Hanya Yanagihara “What any writer hopes for is that the reader will stick with you to the end of the contract and that there is a level of submission on the reader’s part. If the reader can’t quite submit it either means that you haven’t done your job in creating a fully convincing world, or it’s just not the right reader for you. I don’t think anything is helped by the writer trying to second-guess what the reader can or cannot take.”
[author Hanya Yanagihara, in an interview with ‘The Bookseller’ magazine, May 29, 2015]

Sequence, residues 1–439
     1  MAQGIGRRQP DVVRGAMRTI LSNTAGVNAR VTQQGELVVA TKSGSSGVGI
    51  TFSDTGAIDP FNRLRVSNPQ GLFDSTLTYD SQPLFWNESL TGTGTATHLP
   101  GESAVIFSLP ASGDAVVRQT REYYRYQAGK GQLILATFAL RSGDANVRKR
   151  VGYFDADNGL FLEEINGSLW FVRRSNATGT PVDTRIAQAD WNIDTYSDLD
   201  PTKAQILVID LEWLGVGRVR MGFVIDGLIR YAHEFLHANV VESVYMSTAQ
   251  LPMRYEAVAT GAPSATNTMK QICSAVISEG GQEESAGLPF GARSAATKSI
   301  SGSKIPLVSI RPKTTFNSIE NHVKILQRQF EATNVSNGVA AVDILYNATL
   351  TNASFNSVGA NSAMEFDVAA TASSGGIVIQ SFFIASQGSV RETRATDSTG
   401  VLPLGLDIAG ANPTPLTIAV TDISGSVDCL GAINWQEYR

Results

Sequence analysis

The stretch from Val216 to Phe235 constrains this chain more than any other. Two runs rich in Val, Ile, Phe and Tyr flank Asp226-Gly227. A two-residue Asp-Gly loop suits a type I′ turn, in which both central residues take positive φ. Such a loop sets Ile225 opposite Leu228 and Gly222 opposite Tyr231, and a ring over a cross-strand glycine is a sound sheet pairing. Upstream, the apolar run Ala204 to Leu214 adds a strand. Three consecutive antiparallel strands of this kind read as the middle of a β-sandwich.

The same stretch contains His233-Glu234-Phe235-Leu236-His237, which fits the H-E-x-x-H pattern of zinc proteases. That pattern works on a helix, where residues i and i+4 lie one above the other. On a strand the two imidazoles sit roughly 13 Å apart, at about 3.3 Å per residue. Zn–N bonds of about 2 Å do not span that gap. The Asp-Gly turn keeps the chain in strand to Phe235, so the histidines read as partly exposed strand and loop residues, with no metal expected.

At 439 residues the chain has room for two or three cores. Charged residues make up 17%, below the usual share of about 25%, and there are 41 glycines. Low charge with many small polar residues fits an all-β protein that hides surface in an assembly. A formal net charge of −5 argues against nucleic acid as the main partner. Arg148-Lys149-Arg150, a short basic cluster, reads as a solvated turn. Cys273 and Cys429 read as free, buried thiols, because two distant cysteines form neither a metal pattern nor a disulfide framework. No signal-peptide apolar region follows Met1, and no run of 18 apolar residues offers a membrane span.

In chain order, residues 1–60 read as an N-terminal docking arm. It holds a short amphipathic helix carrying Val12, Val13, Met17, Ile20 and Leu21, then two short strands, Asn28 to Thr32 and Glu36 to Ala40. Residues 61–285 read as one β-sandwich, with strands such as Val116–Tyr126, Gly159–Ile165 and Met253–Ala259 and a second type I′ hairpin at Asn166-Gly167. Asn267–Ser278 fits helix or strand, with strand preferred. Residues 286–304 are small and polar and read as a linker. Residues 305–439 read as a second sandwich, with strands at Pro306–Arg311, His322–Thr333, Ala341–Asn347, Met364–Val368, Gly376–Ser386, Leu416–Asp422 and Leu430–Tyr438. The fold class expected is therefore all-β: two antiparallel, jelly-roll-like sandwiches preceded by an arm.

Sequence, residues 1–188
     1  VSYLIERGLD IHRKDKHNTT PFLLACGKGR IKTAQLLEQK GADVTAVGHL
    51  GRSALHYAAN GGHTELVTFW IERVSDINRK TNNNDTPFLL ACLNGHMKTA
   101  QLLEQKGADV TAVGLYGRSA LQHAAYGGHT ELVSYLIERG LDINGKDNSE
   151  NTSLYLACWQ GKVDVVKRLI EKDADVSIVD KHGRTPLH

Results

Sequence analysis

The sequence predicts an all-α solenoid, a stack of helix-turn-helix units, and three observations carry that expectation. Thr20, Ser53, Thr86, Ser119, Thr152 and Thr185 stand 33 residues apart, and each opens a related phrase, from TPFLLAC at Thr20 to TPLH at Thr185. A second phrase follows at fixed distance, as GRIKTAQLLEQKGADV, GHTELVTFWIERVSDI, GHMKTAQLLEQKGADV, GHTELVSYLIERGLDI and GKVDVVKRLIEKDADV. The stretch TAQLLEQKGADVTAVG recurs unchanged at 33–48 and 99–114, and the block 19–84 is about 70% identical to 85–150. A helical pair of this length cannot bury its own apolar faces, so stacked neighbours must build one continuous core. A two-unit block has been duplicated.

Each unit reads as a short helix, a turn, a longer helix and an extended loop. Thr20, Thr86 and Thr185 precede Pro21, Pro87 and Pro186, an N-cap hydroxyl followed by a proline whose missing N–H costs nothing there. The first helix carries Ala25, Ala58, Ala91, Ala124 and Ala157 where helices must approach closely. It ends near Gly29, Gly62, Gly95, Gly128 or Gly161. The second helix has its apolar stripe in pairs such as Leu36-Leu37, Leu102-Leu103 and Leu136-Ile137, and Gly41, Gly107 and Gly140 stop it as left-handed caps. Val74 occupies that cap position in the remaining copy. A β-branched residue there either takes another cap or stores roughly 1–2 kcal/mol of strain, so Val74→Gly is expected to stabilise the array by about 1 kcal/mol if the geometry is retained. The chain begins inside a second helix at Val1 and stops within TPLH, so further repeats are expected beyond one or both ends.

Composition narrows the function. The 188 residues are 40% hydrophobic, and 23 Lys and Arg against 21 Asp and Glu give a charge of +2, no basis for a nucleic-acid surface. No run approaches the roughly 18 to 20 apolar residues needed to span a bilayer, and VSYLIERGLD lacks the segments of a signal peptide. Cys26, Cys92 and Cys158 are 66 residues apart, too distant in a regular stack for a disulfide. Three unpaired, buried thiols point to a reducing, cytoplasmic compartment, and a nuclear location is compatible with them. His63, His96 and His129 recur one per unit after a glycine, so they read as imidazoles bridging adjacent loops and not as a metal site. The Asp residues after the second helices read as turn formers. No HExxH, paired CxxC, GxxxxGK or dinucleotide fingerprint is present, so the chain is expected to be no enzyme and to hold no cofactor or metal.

Hanya Yanagihara’s second novel, A Little Life, has been described as a ‘dark’ book. Too dark for some readers? How dark is too dark? And is it up to the writer to temper the darkness, to suit reader tastes?
Was Yanagihara worried that people would stop reading? “My opinion is that readers will go with you much further than you think… and if they don’t, then they don’t. I wasn’t going to try to change the spirit of the book because I was worried about frightening off the readers. I think as long as the reader knows they are in good hands they are happy to follow.”
Read my review of Hanya Yanagihara’s A Little Life.
‘A Little Life’ by Hanya Yanagihara [UK: Picador] Buy now
And if you’d like to tweet a link to THIS post, here’s my suggested tweet:
Why Hanya Yanagihara isn’t afraid of upsetting the reader http://wp.me/p5gEM4-1F4 via @SandraDanby #amwriting